In order to model knock in a physically realistic manner, the source term is accumulated under appropriate conditions in a cell. Consider the one dimensional flame in Figure  19.2.1. Here, the flame is propagating from left to right, and the temperature is relatively low in front of the flame and high behind the flame. In this figure, $T_b$ and $T_u$ represent the temperatures at the burnt and unburned states, respectively. The ignition species accumulates only when there is fuel. In the premixed model, the fuel is defined as $fuel = 1-c$, where $c$ is the progress variable. If the progress variable has a value of zero, the mixture is considered unburned. If the progress variable is 1, then the mixture is considered burned.

Figure 19.2.1: Flame Front Showing Accumulation of Source Terms for the Knock Model
\begin{figure}\begin{center} \begin{picture}(300,150)(10,10) \put(0,20){\vecto... ...\put(180,65){\makebox(0,0){$S_{ig} > 0$}} \end{picture} \end{center}\end{figure}

When the ignition species reaches a value of 1 in the domain, knock has occurred at that point. The value of the ignition species can exceed unity. In fact, values well above that can be obtained in a short time. The ignition species will continue to accumulate until there is no more fuel present.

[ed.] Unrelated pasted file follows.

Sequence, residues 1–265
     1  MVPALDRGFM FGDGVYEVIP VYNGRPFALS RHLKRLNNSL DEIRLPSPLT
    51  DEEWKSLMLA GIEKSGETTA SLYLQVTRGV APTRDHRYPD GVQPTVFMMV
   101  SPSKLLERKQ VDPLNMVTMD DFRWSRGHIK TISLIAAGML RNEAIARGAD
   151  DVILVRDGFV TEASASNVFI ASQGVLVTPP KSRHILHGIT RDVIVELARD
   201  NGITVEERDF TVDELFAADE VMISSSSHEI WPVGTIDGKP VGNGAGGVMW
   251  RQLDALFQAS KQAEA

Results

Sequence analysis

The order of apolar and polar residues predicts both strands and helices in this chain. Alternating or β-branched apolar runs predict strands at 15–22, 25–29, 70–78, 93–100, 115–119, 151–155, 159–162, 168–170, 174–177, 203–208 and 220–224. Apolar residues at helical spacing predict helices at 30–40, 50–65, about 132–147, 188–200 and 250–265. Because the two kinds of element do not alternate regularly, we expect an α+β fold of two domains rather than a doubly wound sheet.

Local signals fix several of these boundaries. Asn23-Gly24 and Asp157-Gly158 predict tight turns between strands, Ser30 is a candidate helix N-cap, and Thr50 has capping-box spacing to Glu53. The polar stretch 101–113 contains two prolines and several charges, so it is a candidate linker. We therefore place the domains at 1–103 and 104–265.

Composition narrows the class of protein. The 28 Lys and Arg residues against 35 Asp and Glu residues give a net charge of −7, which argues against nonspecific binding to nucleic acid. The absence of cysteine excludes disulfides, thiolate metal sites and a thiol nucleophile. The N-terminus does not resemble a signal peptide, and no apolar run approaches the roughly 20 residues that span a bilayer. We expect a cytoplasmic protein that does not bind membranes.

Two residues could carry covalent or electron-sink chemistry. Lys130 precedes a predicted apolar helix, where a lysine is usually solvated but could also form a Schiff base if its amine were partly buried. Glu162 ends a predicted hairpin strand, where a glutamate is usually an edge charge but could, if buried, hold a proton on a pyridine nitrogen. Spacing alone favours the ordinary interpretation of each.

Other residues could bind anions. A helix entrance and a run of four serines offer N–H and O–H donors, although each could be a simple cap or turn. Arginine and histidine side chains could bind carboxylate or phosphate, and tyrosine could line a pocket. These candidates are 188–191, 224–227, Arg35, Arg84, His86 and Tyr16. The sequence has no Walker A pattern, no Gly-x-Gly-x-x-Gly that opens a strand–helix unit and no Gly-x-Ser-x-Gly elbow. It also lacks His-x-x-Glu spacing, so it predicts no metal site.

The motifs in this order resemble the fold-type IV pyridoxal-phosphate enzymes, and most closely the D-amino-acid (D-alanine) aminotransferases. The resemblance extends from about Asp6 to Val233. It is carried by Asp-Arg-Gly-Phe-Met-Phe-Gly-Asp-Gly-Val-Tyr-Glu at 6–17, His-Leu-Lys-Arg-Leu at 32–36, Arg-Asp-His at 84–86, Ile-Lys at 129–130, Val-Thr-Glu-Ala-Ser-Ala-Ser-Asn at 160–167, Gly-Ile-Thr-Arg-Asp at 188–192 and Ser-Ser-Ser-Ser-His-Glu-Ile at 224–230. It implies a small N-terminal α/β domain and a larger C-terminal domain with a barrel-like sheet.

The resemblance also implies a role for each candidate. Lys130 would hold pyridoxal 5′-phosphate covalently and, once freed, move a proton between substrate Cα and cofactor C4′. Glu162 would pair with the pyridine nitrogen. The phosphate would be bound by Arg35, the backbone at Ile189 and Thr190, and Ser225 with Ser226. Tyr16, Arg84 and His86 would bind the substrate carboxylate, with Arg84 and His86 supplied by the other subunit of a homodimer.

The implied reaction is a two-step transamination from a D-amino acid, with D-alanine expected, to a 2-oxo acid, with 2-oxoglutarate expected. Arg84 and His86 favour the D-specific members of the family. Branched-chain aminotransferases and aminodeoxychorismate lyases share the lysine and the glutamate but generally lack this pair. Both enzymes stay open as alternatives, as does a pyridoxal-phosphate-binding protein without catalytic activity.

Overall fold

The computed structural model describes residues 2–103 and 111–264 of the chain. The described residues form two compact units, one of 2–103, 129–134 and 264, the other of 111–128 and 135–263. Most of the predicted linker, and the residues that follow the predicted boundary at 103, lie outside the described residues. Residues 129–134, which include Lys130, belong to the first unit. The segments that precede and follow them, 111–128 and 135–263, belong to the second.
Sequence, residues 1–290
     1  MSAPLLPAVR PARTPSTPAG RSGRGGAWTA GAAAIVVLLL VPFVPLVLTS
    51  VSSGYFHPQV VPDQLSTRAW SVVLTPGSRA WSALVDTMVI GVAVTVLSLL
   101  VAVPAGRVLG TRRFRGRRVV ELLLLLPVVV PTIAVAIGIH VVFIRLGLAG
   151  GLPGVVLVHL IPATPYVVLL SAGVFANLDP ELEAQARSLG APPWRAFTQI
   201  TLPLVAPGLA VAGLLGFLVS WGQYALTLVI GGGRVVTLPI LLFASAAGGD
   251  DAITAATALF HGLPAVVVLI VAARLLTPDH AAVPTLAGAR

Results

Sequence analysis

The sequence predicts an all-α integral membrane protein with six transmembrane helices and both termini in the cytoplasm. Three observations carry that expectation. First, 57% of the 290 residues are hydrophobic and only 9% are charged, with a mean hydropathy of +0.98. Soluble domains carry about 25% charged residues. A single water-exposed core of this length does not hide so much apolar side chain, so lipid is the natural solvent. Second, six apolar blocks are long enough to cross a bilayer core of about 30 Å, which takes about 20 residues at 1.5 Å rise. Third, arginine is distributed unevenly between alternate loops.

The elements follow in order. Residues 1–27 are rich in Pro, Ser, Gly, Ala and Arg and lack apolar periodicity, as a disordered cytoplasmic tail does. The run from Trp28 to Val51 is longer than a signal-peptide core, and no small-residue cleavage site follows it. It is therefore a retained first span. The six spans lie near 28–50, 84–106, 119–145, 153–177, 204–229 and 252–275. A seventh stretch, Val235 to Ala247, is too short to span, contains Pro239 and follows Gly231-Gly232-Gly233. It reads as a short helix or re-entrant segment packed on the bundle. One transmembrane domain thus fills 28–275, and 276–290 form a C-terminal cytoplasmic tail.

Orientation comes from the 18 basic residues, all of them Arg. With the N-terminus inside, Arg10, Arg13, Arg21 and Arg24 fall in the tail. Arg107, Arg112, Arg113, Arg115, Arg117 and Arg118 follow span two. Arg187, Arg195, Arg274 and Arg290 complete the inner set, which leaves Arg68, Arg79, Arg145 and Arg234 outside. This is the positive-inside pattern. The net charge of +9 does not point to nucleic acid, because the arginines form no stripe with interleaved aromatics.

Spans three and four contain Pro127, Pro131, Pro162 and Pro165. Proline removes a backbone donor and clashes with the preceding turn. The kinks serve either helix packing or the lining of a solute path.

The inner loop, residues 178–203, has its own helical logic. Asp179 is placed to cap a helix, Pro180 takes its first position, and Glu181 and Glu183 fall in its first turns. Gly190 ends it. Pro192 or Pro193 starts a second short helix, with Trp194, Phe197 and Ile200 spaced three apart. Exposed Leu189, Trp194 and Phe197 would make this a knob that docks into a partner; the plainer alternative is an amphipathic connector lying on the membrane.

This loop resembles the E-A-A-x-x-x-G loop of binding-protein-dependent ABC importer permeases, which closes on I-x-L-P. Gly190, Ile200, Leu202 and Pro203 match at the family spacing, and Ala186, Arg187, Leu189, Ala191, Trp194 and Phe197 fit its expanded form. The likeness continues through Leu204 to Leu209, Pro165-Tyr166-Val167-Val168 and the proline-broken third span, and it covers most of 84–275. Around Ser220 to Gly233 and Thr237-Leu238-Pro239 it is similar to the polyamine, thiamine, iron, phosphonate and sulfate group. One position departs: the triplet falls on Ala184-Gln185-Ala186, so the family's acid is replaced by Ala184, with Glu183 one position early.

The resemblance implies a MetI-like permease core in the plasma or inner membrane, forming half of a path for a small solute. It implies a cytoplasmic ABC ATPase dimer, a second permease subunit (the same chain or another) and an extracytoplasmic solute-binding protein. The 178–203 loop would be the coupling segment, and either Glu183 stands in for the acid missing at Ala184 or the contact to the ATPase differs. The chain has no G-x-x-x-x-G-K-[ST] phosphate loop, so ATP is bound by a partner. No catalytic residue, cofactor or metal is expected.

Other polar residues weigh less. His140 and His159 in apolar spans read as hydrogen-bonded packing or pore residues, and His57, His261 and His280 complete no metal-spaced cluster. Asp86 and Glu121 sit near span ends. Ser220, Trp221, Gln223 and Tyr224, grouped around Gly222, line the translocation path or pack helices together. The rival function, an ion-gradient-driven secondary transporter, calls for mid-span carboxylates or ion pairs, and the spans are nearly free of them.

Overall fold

Correlations

An extensively tested correlation for knock in SI engines is given by Douaud and Eyzat [ 86]:


 \tau = 0.01768 \left( \frac{ON}{100} \right)^{3.402} p^{-1.7} \exp \left( \frac{3800}{T} \right) (19.2-2)

where $ON$ is the octane number of the fuel, $p$ is the absolute pressure in atmospheres and $T$ is the temperature in Kelvin.

A generalized expression for $\tau$ is also available which can reproduce many existing Arrhenius correlations. The form of the correlation is


 \tau = A \left( \frac{ON}{100} \right)^{a} p^b T^c \mbox{RPM}^d \Phi^d \exp \left( \frac{-E_a}{RT} \right) (19.2-3)

where $A$ is the pre-exponential (with units in seconds), RPM is the engine speed in cycles per minute and $\Phi$ is the fuel/air equivalence ratio.

Energy Release

Once ignition has occurred in the domain, the knock event is modeled by releasing the remaining fuel energy with a single-step Arrhenius reaction. An additional source term, which burns the remaining fuel in that cell, is added to the rate term in the premixed model. The reaction rate is given by


 \dot{\omega} = A_0 \exp{\frac{-E_a}{RT}} (19.2-4)

where $A_0 = 8.6 \times 10^{9}$, and $E_a = -15078$. These values are chosen to reflect single-step reaction rates appropriate for propane as described in Amsden [ 8]. The rate at which the fuel is consumed is limited such that a completely unburned cell will burn during three of the current time steps. Limiting the reaction rate is done purely for numerical stability.



Ignition Delay Modeling